*Mathew Penrose*

- Published in print:
- 2003
- Published Online:
- September 2007
- ISBN:
- 9780198506263
- eISBN:
- 9780191707858
- Item type:
- book

- Publisher:
- Oxford University Press
- DOI:
- 10.1093/acprof:oso/9780198506263.001.0001
- Subject:
- Mathematics, Probability / Statistics

This book sets out a body of rigorous mathematical theory for finite graphs with nodes placed randomly in Euclidean d-space according to a common probability density, and edges added to connect ...
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This book sets out a body of rigorous mathematical theory for finite graphs with nodes placed randomly in Euclidean d-space according to a common probability density, and edges added to connect points that are close to each other. As an alternative to classical random graph models, these geometric graphs are relevant to the modelling of real networks having spatial content, arising for example in wireless communications, parallel processing, classification, epidemiology, astronomy, and the internet. Their study illustrates numerous techniques of modern stochastic geometry, including Stein's method, martingale methods, and continuum percolation. Typical results in the book concern properties of a graph G on n random points with edges included for interpoint distances up to r, with the parameter r dependent on n and typically small for large n. Asymptotic distributional properties are derived for numerous graph quantities. These include the number of copies of a given finite graph embedded in G, the number of isolated components isomorphic to a given graph, the empirical distributions of vertex degrees, the clique number, the chromatic number, the maximum and minimum degree, the size of the largest component, the total number of components, and the connectivity of the graph.Less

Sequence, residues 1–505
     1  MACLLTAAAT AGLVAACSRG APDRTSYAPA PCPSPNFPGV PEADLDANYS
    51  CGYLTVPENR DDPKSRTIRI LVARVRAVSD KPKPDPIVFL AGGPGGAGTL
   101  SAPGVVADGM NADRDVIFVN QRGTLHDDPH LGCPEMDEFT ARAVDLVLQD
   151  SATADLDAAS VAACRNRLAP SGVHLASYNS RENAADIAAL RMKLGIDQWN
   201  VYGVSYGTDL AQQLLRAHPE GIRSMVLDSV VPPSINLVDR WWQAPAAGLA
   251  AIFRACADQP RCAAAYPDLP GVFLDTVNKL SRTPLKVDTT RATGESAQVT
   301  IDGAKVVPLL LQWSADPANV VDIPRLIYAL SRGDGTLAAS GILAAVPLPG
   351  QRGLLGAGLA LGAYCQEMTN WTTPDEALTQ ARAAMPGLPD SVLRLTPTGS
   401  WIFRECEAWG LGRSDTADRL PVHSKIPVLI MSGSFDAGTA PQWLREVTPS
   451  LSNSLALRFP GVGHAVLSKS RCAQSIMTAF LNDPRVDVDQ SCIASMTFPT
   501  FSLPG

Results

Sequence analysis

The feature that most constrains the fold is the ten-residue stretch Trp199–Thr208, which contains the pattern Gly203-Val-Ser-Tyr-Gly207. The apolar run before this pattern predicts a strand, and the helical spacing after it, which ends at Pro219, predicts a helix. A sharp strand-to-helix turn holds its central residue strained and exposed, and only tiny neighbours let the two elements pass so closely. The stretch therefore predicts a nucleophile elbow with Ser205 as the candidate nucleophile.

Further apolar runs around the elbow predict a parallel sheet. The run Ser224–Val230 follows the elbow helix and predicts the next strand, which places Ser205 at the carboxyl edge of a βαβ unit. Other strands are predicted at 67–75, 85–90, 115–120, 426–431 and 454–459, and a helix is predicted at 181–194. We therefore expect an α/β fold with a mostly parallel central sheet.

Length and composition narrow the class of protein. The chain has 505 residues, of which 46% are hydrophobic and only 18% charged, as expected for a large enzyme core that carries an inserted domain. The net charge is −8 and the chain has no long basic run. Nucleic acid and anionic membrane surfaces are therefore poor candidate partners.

This book sets out a body of rigorous mathematical theory for finite graphs with nodes placed randomly in Euclidean *d*-space according to a common probability density, and edges added to connect points that are close to each other. As an alternative to classical random graph models, these geometric graphs are relevant to the modelling of real networks having spatial content, arising for example in wireless communications, parallel processing, classification, epidemiology, astronomy, and the internet. Their study illustrates numerous techniques of modern stochastic geometry, including Stein's method, martingale methods, and continuum percolation. Typical results in the book concern properties of a graph *G* on *n* random points with edges included for interpoint distances up to *r*, with the parameter *r* dependent on *n* and typically small for large *n*. Asymptotic distributional properties are derived for numerous graph quantities. These include the number of copies of a given finite graph embedded in *G*, the number of isolated components isomorphic to a given graph, the empirical distributions of vertex degrees, the clique number, the chromatic number, the maximum and minimum degree, the size of the largest component, the total number of components, and the connectivity of the graph.

*Pavol Hell and Jaroslav Nešetřil*

- Published in print:
- 2004
- Published Online:
- September 2007
- ISBN:
- 9780198528173
- eISBN:
- 9780191713644
- Item type:
- chapter

- Publisher:
- Oxford University Press
- DOI:
- 10.1093/acprof:oso/9780198528173.003.0002
- Subject:
- Mathematics, Combinatorics / Graph Theory / Discrete Mathematics

This chapter focuses on certain basic constructions that occur frequently in the rest of the book, emphasizing the product and the retract, but also considering other constructs. These include the ...